Logic Design for Array-Based Circuits
Copyright © 1996, 2001, 2002 Donnamaie E. White
Last Edit July 22, 2001
The Macros and Their Options
For the bipolar arrays and for the interface portion of the BiCMOS arrays, macro selection plays a major role in the final power dissipated by the circuit.
Macros that are fast, have high fan-out drive capability or are dense (read chip-efficient) are high-current macros. The macro library should be reviewed for the existence of options or versions. A macro library may have low-power versions or options of its macros. (Note: AMCC CMOS macros have no options.)
Once the design is blocked and the macros selected, the timing requirements should be reviewed and the macros adjusted by option when options are available and can be applied.
As discussed during the chapter on timing, low-power macros are slower than the standard or high-speed options. Low-power macros may have a lower fan-out load limit. Low-power macros may have a lower maximum frequency of operation and narrower minimum pulse width. None of these variations are absolute, i.e., they vary with the array.
Macro Option Examples
The AMCC Q5000 Bipolar Series macro library has options for most of its internal macros and many of its interface macros.
The AMCC Q20000 Bipolar Series macro library also contains L-, S-, and H- options. In this series, all options have the same fan-out load limit, a function of the Turbo output feature. What is different is that some H-options use more cells than the L-and S-options. All other considerations of differences between the options remain the same.
Design Rules for Macro Options
Power-Down and Conditional Geometry - Bipolar
If a bipolar macro library is implemented with conditional geometry, macro outputs that are not used (are terminated) have their IOEF current sources shut-down. Only one version of the macro needs to be supplied in these libraries. Note that not all macros in the library allow this feature.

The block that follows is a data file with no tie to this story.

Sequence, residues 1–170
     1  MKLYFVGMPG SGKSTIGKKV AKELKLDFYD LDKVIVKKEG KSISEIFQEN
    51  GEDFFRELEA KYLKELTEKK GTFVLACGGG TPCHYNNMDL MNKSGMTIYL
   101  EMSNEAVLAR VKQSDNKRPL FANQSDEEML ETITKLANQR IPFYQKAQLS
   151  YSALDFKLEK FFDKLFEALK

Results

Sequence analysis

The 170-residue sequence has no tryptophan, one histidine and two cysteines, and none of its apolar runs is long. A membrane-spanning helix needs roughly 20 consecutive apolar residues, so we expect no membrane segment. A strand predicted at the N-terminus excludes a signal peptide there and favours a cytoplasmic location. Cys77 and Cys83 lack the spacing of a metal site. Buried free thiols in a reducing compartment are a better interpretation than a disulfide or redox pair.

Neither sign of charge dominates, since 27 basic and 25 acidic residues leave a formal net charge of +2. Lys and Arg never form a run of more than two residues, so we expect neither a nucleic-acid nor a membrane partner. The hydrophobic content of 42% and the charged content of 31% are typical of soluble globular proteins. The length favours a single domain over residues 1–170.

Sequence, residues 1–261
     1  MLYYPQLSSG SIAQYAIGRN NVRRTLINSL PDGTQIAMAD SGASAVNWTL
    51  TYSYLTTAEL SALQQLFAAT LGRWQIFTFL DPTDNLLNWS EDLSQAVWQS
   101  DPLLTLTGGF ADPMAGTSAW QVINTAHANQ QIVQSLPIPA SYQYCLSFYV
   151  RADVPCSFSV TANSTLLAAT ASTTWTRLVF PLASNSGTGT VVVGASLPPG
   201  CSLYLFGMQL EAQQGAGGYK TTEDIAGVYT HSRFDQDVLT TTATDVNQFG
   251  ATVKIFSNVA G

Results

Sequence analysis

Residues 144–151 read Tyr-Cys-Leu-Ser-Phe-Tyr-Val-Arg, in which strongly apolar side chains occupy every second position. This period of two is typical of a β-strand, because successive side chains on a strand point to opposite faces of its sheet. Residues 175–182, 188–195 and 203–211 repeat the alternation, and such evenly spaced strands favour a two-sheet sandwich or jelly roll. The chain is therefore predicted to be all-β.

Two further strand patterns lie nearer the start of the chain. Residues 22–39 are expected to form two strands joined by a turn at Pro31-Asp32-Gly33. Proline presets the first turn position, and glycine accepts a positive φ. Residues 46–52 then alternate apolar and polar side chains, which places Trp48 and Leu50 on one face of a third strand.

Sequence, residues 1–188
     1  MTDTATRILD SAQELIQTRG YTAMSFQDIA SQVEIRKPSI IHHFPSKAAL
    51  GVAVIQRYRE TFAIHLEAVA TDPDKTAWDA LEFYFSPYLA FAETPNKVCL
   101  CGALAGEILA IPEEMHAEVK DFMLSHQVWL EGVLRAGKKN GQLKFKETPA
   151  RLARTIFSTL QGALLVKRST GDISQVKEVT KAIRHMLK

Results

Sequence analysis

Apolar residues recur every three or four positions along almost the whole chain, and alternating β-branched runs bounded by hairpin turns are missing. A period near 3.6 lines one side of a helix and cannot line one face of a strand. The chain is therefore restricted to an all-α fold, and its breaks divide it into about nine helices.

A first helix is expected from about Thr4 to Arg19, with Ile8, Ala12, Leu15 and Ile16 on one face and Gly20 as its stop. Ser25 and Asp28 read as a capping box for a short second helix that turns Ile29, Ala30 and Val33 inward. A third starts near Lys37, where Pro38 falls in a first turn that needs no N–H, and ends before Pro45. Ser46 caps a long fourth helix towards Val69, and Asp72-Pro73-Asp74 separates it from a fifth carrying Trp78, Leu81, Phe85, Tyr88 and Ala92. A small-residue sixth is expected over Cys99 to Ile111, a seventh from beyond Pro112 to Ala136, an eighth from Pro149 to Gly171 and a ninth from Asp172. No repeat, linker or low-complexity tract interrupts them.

Terminated Outputs - Bipolar
When power-down is not allowed, the macros in the bipolar library may be available in different versions. For example three macros may perform the same function with one supplying a non-inverted Y output, one supplying an inverted YN output and one supplying both Y and YN. The macro version selected should reflect output usage.
One or two macros that are not a perfect match may not be a problem in the design but dozens of terminated yet powered-up outputs can be expensive because of the power supply and packaging options required by the higher-than-necessary power.
Terminated Outputs - BiCMOS, CMOSCMOS and internal BiCMOS macros may have their power computation based on the number of outputs switching (vendor-dependent equation). Both used and terminated outputs are counted in the computation. Therefore, for BiCMOS and CMOS arrays, the objective is to minimize the number of terminated outputs. This objective is no different from the objective for bipolar arrays.
Inverted Outputs for Distortion Management
The need for signal inversion in high-speed paths for skew and pulse distortion control may require YN (inverted output). However, there may be a different speed associated with each of the output polarities. One design objective is to maintain the timing considerations of both speed and distortion management while managing power.
Power considerations require that macros exist in a library in different versions to allow the flexibility of inversion with no additional cost in power.